What if sanctification is a dual effort? This is the idea that God gives you the power to overcome your sin, but you need to put in the effort. I don’t really see how this will be any different from the first example. Sure, you can add the caviat that God is on your side and will help you through the tough times. You might even share about footprints in the sand. But the pastor will then use the Bible to point people to the “How To’s” of life.
In these first two approaches, there’s no need for the gospel to be preached on Sunday. The gospel is for the nonbelievers, not members of the church. The only time to really point people to Christ and Him crucified will be on Good Friday or on Easter Sunday or on a special outreach event at the Church.
But what if sanctification is fully the work of God? What are you to preach about then? Suddenly, all those practical steps seem pointless. If God is the One doing it anyways, who needs good advice? You might start asking yourself, “Why are all these laws and rules in the Bible then?” or, “What’s the point of Proverbs?” or maybe, “Why do I have the story of Gideon, if I’m not suppose to follow his example?”
In Luke 24, shortly after Jesus rose from the dead, we find two disciples walking down the road to Emmaus. Jesus approaches them and asks what they are discussing. The disciple’s eyes are held, so they don’t recognize that it is Jesus talking to them at this point. They begin to tell Jesus all about the crucifixion and the strange reports of a resurrection. Let’s pick up the story in verse twenty-five. “And he said to them, ‘O foolish ones, and slow of heart to believe all that the prophets have spoken! Was it not necessary that the Christ should suffer these things and enter into his glory?’ And beginning with Moses and all the Prophets, he interpreted to them in all the Scriptures the things concerning himself.” (Luke 24:25-27 ESV)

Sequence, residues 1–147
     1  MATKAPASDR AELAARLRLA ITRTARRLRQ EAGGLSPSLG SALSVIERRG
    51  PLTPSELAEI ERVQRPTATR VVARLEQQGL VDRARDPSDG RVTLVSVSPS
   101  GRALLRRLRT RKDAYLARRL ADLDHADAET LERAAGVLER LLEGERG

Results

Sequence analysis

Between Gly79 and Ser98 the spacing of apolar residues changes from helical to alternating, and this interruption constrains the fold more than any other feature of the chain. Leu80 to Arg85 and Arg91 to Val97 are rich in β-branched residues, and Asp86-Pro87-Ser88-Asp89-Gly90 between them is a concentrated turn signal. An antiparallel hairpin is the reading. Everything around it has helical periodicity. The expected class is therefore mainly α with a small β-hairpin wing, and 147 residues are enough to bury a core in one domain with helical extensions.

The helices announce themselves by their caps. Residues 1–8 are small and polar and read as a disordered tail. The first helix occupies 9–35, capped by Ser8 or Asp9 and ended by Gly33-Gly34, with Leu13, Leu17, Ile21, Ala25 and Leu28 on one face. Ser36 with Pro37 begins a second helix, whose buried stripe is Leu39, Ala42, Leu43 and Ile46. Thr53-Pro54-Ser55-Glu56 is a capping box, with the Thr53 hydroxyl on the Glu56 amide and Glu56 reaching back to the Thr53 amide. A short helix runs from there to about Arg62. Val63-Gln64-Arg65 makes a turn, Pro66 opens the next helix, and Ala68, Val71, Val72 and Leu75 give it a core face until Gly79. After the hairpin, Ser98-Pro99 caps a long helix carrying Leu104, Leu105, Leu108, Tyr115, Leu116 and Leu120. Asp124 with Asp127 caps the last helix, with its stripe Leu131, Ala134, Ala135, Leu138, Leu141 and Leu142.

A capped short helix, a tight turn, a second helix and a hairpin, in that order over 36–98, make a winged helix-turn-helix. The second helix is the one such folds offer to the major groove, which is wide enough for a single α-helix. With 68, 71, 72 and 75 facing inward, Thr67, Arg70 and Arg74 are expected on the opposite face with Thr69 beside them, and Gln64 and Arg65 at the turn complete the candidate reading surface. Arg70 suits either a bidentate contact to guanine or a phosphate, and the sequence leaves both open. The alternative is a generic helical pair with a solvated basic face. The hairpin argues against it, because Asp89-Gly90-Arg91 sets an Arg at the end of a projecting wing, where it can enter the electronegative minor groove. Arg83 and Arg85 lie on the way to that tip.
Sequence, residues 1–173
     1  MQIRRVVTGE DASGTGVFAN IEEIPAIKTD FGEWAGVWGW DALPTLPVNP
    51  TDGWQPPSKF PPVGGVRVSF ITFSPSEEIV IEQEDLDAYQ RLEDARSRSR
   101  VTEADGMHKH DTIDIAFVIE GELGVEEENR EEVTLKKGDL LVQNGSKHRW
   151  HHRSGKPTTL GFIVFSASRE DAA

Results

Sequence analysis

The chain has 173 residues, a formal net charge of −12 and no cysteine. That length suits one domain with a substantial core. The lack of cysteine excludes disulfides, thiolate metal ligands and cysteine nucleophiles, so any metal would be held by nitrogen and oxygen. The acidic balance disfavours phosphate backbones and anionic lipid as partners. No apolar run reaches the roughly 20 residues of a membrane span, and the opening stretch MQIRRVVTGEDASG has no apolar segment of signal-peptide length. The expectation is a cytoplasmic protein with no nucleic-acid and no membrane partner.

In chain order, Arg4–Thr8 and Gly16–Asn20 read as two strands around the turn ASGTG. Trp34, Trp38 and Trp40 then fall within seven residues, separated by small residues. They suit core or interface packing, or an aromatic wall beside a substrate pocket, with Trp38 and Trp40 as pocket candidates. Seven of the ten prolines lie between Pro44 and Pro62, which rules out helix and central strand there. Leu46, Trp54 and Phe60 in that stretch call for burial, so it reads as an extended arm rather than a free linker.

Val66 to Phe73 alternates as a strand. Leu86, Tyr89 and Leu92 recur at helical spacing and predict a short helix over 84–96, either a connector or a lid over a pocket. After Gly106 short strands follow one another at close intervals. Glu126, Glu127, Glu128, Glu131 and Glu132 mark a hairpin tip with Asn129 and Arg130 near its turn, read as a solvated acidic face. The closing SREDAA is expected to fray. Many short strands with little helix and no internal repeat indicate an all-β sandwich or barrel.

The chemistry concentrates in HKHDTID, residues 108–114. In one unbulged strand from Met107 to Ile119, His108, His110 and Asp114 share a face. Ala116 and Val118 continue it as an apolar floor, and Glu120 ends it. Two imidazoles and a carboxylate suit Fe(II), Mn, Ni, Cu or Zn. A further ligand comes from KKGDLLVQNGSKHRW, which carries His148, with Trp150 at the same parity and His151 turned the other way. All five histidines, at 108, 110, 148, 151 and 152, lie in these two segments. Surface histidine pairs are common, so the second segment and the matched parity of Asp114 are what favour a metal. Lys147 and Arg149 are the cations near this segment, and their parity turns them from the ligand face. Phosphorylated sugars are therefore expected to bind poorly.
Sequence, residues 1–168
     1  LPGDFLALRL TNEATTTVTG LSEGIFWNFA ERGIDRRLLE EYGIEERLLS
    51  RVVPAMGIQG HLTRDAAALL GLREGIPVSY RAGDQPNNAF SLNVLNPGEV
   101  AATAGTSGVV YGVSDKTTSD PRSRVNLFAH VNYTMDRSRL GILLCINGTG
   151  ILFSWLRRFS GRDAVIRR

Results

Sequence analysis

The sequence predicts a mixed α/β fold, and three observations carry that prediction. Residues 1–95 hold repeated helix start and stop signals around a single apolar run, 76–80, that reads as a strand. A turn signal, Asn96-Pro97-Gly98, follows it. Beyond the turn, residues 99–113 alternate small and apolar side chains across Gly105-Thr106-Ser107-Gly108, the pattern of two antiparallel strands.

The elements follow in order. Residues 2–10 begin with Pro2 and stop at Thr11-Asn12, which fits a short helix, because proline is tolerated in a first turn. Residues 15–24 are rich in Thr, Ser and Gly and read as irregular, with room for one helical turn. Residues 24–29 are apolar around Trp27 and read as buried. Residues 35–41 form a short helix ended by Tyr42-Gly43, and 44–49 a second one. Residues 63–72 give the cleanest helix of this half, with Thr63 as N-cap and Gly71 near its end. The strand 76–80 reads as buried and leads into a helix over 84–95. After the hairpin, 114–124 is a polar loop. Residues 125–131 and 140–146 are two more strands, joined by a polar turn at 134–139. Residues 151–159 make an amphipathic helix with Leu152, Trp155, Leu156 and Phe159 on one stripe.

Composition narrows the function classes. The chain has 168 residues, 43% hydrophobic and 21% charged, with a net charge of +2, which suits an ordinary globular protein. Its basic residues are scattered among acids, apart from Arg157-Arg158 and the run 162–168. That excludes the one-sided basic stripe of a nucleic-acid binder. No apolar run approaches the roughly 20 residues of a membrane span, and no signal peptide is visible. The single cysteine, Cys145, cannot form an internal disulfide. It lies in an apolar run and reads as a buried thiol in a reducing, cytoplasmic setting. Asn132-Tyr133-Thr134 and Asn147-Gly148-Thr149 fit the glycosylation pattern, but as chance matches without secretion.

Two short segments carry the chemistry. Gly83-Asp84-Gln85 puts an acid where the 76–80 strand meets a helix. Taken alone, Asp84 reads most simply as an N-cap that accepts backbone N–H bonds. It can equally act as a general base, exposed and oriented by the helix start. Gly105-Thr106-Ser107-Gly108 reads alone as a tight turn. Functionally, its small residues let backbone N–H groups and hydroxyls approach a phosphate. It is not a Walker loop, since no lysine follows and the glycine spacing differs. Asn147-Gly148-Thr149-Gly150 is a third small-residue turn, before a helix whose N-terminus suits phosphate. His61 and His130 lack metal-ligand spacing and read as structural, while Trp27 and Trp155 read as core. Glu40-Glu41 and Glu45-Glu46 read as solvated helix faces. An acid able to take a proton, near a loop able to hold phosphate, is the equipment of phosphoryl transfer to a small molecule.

Here, Jesus answers those tricky questions from above. Scripture points us to Jesus and the cross. Those law passages are there to show us our sins and how we desperately need a savior. Those words of wisdom, point us to a fear of God. But why fear God? Because God will one day judge your life. The fear of God should drive us to the cross to lean on Jesus. Those characters in the Bible that you have been trying to learn life lessons from, really are types and shadows directing us to Jesus and His sacrifice.
Sanctification is a work of God. He sanctifies us by the washing of water with the Word. (Ephesians 5:26) If a pastor truly believes that God is the one who sanctifies, then he will point his flock to Jesus.
When Paul was writing his letter to the church in Rome, what kind of people was he writing to? Yes, some were Jews and some were Gentiles, but they were all Christians. Yet in his address to them, what does he say? “So I am eager to preach the gospel to you also who are in Rome.” (Romans 1:15 ESV) Paul wants to share the gospel to believers! He then proceeds to spend the majority of his letter, doing just that.
The gospel has the power to bring people to saving faith. The gospel also has the power to sanctify those who already believe. The Bible was written to point men to Jesus. Our sermons likewise should point men to Jesus.